Domestic Violence Awareness Month was launched in the United States in October 1987. In 1989, Congress passed a law officially designating the month. This serves to highlight the prevalence of intimate partner violence as well as its seriousness. Moreover, it brings attention to the fact that anyone, regardless of gender, race, sexual identity or orientation, or socioeconomic status, can become a victim.
What is Domestic Violence?
Domestic violence is a pattern of behaviors used by one partner to maintain power and control over another partner in an intimate relationship.
In these situations, one intimate partner may physically harm, intimidate, manipulate or control the other partner. For example, this could include control through physical or sexual violence, threats, emotional abuse, or financial control. According to experts, multiple forms of abuse are usually present at the same time in abusive situations.
How Common is Intimate Partner Violence?
Research indicates that an average of 20 people are physically abused by intimate partners every minute. As such, this equals more than 10 million abuse victims each year.
- 1 in 4 women and 1 in 10 men experience sexual violence, physical violence, and/or stalking
- Of those victims, approximately 1 in 5 women and 1 in 20 men need medical care. Women are three times more likely to sustain injuries.
- Almost 1 in four women and more than 1 in 10 men have experienced severe physical violence
When an abuser has access to a firearm, this increases the risk of a woman being killed by 400%. Nearly 1 in 5 cases of intimate partner violence involve a weapon. For all homicides, 1 in 2 female murder victims and 1 in 13 male murder victims are killed by intimate partners.
When it comes to sexual violence, nearly 1 in 5 women and 1 in 12 men have experienced sexual violence by an intimate partner. Regarding stalking, 1 in 10 women and 1 in 50 men have experienced stalking by an intimate partner. Of all stalking cases, two-thirds of female stalking victims reported stalking by a current or former intimate partner.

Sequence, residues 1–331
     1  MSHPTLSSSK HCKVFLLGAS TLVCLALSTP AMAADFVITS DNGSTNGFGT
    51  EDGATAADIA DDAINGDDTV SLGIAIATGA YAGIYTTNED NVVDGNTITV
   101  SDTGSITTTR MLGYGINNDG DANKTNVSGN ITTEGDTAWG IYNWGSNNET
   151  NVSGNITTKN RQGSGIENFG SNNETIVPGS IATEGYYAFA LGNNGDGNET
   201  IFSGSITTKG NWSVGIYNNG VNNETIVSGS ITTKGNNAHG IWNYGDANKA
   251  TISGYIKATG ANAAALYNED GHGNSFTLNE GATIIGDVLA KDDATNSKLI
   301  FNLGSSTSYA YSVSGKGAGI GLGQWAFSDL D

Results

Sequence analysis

How New York Handles Domestic Violence Criminal Cases
When a person is arrested for a crime of intimate partner violence, that case may be handled by one of New York’s domestic violence parts. These courts include a dedicated judge, specially-trained staff, resource coordination, on-site victim advocacy, and collaboration with technical assistance teams. In some situations, the same judge may preside over the criminal case and any related family law cases, such as divorce or custody proceedings.
If you’ve experienced domestic violence, there are several resources.
- Call 911 for emergency police assistance
- Telephone your local police department or district attorney’s office
- Call the NYS Domestic and Sexual Violence Hotline at 800-942-6906 or text 844-997-2121, or visit their website at https://opdv.ny.gov/survivors-victims
- Reach out to the National Domestic Violence Hotline at 800-799-SAFE (7233), text “START” to 88788, or visit their website at http://www.thehotline.org
- NACADV. Available at: https://ncadv.org/2022DVAM (last accessed Oct. 13, 2022).
- NYCourts.gov, Domestic Violence (DV) & Integrated Domestic Violence (IDV) Courts. Available at: https://ww2.nycourts.gov/Admin/OPP/dv-idv/index.shtml (last accessed Oct. 13, 2022).
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